Competitiveness and Private Sector Development

2076-5762 (online)
2076-5754 (print)
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This series of publications addresses different aspects of private sector development in non-OECD regions, including Latin America and the Caribbean, the Middle East and North Africa, Southeast Asia, South East Europe and Eurasia. Reports provide recommendations at the national, regional and sector level to support countries in improving their investment climate, enhancing competitiveness and entrepreneurship, raising living standards and alleviating poverty.

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Competitiveness and Private Sector Development: Central Asia 2011

Competitiveness and Private Sector Development: Central Asia 2011

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OECD, The World Economic Forum
10 June 2011
9789264097285 (PDF) ;9789264097278(print)

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With a total population of 92 million people, near universal literacy and abundant energy resources, Central Asia is an attractive destination for investment and trade.  The region is strategically located at the crossroads of Europe and Asia, and surrounded by some of the world’s fastest-growing economies such as Russia, India and China, who are increasingly investing in the region. From 2000 to2009, foreign direct investment flows into Central Asia increased almost ninefold, while the region’s gross domestic product grew on average by 8.2% annually.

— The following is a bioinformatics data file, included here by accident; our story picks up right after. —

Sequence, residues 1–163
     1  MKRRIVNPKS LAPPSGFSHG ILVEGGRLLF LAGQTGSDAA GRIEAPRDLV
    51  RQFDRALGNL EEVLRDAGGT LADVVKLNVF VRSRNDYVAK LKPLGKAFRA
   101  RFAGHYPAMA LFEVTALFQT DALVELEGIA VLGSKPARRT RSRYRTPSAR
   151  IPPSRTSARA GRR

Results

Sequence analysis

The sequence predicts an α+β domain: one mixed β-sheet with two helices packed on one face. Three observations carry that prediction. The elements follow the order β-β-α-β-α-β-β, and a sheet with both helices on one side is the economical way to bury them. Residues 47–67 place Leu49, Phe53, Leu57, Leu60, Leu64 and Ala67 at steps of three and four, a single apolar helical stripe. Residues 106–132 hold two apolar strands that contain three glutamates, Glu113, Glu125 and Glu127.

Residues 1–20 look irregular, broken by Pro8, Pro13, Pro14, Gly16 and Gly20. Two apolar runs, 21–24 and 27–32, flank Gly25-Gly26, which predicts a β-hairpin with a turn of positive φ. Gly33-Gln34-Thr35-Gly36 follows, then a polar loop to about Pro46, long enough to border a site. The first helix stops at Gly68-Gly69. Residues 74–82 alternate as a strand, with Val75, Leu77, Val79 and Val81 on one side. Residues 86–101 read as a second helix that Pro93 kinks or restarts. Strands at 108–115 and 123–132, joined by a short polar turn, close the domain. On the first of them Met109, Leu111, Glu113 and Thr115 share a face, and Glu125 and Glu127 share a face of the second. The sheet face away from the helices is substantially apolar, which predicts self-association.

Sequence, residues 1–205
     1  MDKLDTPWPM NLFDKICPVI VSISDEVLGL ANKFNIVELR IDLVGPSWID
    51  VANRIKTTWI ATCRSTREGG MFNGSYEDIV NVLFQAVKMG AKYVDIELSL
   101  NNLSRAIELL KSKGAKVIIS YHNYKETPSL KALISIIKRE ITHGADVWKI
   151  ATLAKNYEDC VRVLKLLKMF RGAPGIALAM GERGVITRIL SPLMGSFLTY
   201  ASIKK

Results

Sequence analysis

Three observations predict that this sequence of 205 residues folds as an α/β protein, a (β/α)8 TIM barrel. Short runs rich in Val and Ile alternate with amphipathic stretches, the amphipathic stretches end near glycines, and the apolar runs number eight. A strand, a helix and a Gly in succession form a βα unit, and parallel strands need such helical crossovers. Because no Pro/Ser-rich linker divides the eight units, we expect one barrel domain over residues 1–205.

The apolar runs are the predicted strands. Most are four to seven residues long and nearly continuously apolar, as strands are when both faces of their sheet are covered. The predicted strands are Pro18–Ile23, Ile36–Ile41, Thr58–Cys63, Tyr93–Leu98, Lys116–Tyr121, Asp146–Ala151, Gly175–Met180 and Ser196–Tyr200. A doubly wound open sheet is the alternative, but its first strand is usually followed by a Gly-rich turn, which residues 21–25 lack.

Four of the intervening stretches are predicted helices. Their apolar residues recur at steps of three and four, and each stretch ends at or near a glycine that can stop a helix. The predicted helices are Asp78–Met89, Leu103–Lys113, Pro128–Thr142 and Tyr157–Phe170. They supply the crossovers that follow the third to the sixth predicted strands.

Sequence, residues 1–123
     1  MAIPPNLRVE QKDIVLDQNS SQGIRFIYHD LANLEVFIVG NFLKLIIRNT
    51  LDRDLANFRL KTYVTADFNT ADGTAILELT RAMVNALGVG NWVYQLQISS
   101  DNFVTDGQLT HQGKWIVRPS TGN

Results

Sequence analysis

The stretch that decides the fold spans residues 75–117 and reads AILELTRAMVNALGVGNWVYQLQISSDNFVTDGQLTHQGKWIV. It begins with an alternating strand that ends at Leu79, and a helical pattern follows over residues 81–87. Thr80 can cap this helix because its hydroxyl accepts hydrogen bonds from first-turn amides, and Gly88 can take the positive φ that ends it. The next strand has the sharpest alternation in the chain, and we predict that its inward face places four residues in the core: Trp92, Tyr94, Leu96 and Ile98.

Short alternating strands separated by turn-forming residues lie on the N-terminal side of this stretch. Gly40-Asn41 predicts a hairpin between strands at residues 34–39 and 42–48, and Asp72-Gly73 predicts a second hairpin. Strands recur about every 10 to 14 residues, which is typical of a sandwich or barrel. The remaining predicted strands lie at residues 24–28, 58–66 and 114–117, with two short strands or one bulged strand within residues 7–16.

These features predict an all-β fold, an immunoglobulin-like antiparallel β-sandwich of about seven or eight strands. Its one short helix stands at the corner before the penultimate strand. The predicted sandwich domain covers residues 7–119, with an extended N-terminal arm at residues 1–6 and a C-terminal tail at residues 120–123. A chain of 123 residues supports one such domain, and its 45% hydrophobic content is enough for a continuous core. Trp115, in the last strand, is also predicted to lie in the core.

While Central Asia is endowed with many natural and human resources that could drive its economies to even higher levels of competitiveness, the poor quality of the region’s business environment remains a major obstacle. Key areas for improvement include reinforcing legal and economic institutions; prioritizing the development of the small and medium-sized enterprise (SME) sector; and building the capacity of business intermediary organisations.